What is Portfolio Variance?
Portfolio variance is a process that identifies the degree of risk or volatility associated with an investment portfolio. The basic formula for calculating this variance focuses on the relationship between what is known as the return variance and the covariance that is associated with each of the securities found in the portfolio, along with what percentage or portion of the portfolio that each security represents. The idea behind portfolio variance is to determine if the current combination of assets found in the portfolio are generating a favorable return overall, while also assessing the performance of each security contained within the portfolio.
In order to understand how portfolio variance is calculated, it is necessary to define what is meant by covariance and return variance. Covariance is the relationship that exists between two random variables; in the case of assessing the performance of a portfolio, this refers to the relationship between any two of the assets held in the portfolio. Return variance looks at the rate of return of a security in comparison with another security within the portfolio. By considering both these elements, it becomes easier to identify how each of the securities are working to enhance the value of the portfolio, or how specific assets are actually inhibiting the growth process for the portfolio.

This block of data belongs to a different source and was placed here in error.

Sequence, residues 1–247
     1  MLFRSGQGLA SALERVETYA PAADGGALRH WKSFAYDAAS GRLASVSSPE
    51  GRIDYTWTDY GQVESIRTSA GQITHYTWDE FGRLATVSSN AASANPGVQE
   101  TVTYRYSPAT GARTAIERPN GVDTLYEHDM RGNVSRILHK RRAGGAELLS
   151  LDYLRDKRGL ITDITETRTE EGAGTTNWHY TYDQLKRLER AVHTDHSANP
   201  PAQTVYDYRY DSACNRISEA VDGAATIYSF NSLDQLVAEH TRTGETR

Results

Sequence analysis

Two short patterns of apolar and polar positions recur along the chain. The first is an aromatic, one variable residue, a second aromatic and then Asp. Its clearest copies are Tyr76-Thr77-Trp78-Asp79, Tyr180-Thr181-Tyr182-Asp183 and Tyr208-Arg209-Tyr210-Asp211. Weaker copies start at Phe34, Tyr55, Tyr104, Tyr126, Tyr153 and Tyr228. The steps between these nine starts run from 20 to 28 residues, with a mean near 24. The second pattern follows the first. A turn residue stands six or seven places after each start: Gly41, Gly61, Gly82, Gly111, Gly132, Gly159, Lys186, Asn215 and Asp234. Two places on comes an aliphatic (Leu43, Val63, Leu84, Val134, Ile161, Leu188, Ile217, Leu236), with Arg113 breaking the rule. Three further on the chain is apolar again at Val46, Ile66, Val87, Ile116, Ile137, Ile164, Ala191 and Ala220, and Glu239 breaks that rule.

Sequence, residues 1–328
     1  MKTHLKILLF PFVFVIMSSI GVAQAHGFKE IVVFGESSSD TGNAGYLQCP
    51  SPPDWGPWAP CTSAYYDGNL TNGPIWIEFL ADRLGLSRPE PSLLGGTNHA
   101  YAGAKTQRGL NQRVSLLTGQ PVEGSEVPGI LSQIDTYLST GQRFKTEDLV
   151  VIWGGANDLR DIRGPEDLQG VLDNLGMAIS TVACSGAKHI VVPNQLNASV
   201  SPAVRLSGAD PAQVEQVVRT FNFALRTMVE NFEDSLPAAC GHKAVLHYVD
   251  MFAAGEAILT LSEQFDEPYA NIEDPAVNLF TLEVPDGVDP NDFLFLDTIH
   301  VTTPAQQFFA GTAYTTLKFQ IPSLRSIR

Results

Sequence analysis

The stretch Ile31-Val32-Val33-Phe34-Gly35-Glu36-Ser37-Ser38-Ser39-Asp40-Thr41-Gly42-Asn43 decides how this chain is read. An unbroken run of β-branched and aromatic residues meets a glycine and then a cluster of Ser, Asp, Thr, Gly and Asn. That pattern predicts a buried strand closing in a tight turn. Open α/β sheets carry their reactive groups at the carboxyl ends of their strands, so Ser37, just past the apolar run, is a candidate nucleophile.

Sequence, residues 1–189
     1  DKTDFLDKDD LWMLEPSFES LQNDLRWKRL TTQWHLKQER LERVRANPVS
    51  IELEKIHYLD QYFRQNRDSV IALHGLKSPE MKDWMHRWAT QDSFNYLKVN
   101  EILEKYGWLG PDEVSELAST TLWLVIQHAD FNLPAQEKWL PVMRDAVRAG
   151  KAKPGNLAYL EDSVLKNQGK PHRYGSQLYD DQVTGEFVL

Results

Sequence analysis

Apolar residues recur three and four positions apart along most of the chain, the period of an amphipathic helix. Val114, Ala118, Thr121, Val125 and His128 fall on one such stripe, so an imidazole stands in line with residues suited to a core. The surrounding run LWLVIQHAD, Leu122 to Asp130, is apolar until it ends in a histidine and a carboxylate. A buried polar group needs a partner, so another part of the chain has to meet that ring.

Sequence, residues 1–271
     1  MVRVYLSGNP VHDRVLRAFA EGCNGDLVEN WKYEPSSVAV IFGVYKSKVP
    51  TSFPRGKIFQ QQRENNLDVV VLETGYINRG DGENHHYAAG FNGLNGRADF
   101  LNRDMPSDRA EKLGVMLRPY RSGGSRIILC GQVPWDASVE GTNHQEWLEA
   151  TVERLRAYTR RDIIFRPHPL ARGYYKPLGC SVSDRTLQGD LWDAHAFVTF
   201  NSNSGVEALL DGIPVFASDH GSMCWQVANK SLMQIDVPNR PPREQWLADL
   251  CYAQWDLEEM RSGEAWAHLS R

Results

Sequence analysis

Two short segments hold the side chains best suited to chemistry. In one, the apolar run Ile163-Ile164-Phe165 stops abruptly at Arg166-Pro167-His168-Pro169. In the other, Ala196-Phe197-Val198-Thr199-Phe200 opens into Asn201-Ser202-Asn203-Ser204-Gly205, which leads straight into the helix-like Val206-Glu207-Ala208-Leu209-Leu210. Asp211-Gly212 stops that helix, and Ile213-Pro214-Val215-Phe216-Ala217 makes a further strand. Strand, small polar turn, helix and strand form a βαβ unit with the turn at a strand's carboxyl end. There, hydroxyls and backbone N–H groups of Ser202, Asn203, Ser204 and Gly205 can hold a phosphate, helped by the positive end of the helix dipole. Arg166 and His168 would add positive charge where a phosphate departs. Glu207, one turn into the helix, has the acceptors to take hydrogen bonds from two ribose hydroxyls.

Taking the time to identify the rate of portfolio variance that is present in any given portfolio is important for two reasons. First, the process can aid the investor in managing to maintain a balance of assets within the portfolio itself. This is essential if the investor is to minimize the impact of a downturn within a certain market on the portfolio. By maintaining that balance, it is possible for commodities and bond issues to help offset any losses that take place when stocks traded on a given market go through some type of temporary slump.
The second benefit to determining portfolio variance has to do with assessing how well the current assets are helping the investor reach his or her financial goals. In the event that progress toward those goals is not proceeding at the pace originally projected, the process can help the investor develop a plan to overhaul the structure of the portfolio. The plan may involve selling some assets while acquiring others, or holding on to all current assets while adding new investments to the mix. Enhancing portfolio variance may also involve activities like shifting the contents of the portfolio so that investments other than shares of stock compose a higher percentage or proportion of the overall value of the portfolio.
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